TORONTO, Oct. 7, 2013 /CNW/ - Huronia Regional Centre (HRC) survivors
reacted with "surprise and disappointment" to statements made by
Premier Kathleen Wynne and her Attorney General today in the Ontario
Legislature. In particular, lawyers representing the plaintiffs were
astonished that both the Premier and Attorney General John Gerretsen
made such error-filled statements about the recently settled Huronia
Regional Centre class action lawsuit.
During today's Question Period, the Premier and the Attorney General
were flat-out wrong when they made the following statements:
Premier Wynne: "The court is still determining, as I understand it—and I
know that the Attorney General is going to want to comment on that—the
nature of an appropriate apology."
Attorney General Gerretsen: "This may be no comfort to the residents at
all, but the class action was settled in a very fast manner of less
than three years, which is unusual for a class action."
Kirk Baert, lead counsel in the successful action, said: "The Premier
got it wrong. She said the courts are still considering the terms of
the apology. In fact, the courts have absolutely nothing to do with the
apology." Baert continued: "The AG also got it wrong. I was stunned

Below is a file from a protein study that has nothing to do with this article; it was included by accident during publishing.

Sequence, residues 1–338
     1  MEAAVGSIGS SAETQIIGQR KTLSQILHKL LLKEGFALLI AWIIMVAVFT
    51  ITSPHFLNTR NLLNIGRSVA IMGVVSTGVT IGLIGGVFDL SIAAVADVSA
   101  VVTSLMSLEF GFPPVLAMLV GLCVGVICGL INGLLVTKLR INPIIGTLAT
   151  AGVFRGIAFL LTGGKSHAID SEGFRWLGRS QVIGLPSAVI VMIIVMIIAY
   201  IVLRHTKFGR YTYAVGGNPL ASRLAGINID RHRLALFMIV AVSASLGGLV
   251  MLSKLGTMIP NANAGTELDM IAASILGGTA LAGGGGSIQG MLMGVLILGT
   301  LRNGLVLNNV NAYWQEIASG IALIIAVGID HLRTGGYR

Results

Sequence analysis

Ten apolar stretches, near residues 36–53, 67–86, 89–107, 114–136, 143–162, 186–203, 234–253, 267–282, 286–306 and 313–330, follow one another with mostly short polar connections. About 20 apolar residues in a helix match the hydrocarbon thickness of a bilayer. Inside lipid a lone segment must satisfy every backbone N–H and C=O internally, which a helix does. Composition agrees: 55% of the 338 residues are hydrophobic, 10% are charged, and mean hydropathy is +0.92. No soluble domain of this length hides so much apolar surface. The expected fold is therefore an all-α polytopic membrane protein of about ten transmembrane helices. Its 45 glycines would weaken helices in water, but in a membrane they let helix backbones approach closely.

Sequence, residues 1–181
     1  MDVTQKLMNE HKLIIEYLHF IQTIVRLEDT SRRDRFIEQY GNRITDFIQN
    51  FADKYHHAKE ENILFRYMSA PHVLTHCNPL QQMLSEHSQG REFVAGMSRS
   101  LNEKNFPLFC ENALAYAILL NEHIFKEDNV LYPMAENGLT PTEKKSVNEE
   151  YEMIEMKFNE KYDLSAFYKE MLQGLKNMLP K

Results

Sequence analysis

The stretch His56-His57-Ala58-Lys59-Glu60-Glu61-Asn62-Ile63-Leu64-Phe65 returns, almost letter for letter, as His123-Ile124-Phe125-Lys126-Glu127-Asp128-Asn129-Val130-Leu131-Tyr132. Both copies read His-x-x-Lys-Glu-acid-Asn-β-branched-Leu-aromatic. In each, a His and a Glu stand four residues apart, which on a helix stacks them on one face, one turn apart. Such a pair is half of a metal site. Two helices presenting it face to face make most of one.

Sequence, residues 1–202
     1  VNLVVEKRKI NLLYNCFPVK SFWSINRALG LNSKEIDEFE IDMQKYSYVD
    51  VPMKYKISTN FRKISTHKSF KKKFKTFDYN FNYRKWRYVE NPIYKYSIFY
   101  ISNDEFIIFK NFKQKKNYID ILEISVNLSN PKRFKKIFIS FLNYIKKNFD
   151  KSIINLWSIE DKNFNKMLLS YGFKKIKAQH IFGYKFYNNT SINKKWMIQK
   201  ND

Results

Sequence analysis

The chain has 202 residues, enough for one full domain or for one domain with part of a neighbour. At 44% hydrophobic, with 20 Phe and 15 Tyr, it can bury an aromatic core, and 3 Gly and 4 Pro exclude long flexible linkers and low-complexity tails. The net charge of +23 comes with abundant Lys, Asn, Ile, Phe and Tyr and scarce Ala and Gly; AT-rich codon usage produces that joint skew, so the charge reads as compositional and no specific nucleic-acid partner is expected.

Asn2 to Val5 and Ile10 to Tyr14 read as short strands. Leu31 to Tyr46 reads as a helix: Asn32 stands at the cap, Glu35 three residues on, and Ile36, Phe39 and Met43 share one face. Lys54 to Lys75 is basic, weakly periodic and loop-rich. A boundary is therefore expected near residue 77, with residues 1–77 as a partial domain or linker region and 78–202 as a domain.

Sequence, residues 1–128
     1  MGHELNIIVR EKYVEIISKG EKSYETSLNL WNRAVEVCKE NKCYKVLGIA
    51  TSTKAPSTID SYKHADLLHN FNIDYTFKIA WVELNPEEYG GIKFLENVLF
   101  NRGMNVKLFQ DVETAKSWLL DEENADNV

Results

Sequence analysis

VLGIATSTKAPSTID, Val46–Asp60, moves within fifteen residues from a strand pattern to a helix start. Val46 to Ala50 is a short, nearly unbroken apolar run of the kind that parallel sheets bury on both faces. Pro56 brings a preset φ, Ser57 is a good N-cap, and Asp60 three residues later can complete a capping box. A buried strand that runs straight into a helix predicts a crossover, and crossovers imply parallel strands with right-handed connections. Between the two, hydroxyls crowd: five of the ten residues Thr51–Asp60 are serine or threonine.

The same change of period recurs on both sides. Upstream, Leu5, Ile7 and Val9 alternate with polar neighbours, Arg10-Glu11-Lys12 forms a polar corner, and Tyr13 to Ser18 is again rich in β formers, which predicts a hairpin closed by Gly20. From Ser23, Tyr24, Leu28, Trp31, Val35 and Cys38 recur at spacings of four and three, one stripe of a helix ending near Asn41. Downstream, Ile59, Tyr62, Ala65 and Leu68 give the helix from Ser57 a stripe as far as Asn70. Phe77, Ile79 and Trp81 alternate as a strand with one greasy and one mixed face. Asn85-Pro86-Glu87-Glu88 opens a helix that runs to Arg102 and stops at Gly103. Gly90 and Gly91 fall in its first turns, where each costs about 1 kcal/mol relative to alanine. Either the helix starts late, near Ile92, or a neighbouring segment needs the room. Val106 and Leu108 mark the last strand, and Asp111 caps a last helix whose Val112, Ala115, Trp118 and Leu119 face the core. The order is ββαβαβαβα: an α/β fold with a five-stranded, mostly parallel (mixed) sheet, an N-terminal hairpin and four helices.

when Minister Gerretsen stood up in the Legislature and said the case
had been settled quickly. I can tell you that the case took half a
decade, and relates to wrongdoing going back to 1945. By any standard
that is hardly 'fast'."
Koskie Minsky lawyers fought to ensure HRC survivors would receive
justice in this case, and will continue to do so. "The victims of
Huronia have suffered long enough," said plaintiffs' lawyer Celeste
Poltak. "They need closure, not political games."
The class action alleges residents of the HRC suffered inhumane
treatment from 1945 until its closure in 2009, and that the province of
Ontario failed to properly care for, and protect, those under its care.
Koskie Minsky LLP is representing the former HRC residents involved in
the $2-billion class action lawsuit against the province of Ontario, as
well as two other class action lawsuits currently underway:
Southwestern Regional Centre and Rideau Regional Centre. These class
actions are virtually identical to the one brought against the
government by the Huronia survivors.
SOURCE: Koskie Minsky LLP
For further information:
Koskie Minsky LLP
Daisy Consulting Group